For the past two months we have all been working under some form of quarantine in one part of the world or another. I am in Raleigh North Carolina trying to put the finishing touches of this first version of CosyncJWT, Tola is in Phnom Penh Cambodia implementing the Node.JS server piece and the Angular JS front end to the CosyncJWT portal. Mary Hermant was in Barbados with her parents trying to coordinate the marketing efforts after a frantic escape from NYC a month ago. Now she is in Toronto under even stricter quarantine measures. Fred Davidson is literally two miles down the road from me, but we have not been able to see ourselves in person in over two months. For a project that purports to solve the remote working problem of authentication for real time collaboration software designed around MongoDB Realm, the entire implementation has been done remotely. I do not think that this would have been possible without Skype’s video conferencing and screen sharing capabilities. Ironically, I have discovered that it is easier to work with someone with a twelve hour time difference with South East Asia, as opposed to a six hour time difference with Europe. The key to making this possible is rigorous punctuality when it comes to meeting times.
As with any project, the last five percent seemed to have taken about thirty percent of the effort. Getting all of the supporting documentation out was almost as difficult as the implementation itself.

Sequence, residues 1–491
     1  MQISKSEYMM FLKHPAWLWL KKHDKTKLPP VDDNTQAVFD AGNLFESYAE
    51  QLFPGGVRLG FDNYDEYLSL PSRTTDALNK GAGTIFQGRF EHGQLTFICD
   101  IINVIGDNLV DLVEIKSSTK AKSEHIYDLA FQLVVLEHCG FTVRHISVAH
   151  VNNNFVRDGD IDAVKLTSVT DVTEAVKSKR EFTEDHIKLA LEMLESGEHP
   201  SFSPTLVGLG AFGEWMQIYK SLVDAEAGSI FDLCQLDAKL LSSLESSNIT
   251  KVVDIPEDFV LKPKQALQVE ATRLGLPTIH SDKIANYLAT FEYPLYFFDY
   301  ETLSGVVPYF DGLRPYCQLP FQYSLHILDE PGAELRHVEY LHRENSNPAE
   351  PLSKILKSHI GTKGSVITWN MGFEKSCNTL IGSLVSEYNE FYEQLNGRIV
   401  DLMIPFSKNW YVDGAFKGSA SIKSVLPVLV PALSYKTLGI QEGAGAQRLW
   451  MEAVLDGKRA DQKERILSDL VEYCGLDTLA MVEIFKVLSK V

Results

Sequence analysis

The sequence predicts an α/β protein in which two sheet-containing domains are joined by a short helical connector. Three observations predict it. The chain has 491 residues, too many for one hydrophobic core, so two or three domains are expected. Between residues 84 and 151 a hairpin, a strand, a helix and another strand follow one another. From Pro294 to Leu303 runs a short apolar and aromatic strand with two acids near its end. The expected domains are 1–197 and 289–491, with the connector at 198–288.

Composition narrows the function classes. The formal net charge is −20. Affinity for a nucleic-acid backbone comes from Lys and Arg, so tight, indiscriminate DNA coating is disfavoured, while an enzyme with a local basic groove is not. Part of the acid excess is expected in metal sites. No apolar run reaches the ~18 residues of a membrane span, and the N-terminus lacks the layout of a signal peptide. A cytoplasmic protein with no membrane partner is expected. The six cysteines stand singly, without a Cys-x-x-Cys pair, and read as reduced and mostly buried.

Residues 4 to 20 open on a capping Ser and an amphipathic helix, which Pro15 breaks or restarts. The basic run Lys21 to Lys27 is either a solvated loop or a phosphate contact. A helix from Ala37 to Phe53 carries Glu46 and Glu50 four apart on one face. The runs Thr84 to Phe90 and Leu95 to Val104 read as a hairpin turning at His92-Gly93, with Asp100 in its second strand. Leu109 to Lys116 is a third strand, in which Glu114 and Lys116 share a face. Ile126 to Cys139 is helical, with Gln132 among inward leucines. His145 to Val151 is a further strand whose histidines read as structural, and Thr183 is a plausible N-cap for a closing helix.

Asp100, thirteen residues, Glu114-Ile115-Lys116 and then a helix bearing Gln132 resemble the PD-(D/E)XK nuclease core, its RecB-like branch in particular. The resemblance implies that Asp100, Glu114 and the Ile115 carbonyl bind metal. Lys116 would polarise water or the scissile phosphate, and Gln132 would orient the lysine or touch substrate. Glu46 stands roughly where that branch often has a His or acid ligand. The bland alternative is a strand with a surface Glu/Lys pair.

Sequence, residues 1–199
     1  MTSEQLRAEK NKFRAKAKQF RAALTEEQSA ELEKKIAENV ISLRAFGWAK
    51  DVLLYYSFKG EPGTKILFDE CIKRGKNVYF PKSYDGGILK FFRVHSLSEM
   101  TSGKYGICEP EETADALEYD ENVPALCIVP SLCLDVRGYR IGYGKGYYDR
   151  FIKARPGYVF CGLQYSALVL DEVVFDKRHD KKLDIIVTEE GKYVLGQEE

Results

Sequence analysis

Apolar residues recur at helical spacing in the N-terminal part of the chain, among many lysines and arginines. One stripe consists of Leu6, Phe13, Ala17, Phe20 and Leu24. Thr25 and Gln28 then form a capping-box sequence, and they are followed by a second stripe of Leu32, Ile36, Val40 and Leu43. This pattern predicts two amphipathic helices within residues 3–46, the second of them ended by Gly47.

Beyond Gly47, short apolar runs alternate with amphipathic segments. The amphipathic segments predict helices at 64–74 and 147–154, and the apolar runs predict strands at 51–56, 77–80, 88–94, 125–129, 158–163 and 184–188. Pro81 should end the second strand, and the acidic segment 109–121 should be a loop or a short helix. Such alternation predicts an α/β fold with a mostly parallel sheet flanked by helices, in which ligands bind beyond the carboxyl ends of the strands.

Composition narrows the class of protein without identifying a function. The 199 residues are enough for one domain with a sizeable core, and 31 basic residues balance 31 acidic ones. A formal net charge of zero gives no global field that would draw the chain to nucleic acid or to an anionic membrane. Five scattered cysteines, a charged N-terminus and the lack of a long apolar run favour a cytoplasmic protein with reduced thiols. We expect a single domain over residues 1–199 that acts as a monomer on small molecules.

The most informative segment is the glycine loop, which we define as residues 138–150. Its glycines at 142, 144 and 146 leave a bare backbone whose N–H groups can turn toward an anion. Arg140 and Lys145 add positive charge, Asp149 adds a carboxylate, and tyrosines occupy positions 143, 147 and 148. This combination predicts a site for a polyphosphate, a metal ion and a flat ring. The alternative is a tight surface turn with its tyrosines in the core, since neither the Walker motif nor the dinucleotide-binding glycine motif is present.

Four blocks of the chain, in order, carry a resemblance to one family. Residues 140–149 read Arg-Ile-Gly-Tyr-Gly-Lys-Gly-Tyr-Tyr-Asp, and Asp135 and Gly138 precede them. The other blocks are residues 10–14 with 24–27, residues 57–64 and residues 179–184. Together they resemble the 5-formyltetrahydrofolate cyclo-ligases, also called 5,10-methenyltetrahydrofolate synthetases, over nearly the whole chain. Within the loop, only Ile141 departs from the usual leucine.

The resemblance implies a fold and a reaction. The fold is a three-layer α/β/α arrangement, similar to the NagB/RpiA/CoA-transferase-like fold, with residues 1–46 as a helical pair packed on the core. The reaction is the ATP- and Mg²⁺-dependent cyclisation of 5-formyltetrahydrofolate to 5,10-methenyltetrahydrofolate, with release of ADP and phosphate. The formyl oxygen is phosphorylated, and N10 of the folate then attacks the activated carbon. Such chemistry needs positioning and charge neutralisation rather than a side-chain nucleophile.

Features there were delayed
In the interest of getting this project out the door, we decided to postpone the implementation of phone number handles in favor of a first version that only supported emails. We do plan on releasing this feature over the next few months, but there were just too many subtleties that had to be addressed to support them in a complete manner. Currently, the only handle type supported by CosyncJWT is an email handle.
At this point, there are really two key features that are under consideration for the next version. The first is the ability to offload storage of the private key onto the developer. Currently, the CosyncJWT service stores the private key associated with the JWT RSA public/private key encryption used to encrypt the JWT tokens. We do however store the private key in an encrypted manner within the MongoDB database used by our server. We realize that some developers may have additional security requirements that would not allow us to store their private keys. To address this issue, we plan to implement an API encryption service that the developer can implement in Azure on their side and provide a REST callback to the CosyncJWT service that performs the actual private key encryption. In this new scenario, the CosyncJWT would not hold the private key, rather the developer would hold the private key, but simply provide encryption services to CosyncJWT service. Expect this feature within the upcoming months.
The only other feature we are considering right now is a self hosted version of the CosyncJWT service that would be licensed to run on the developer’s servers, independent of CosyncJWT.
If there are any other features that you would need, please let us know.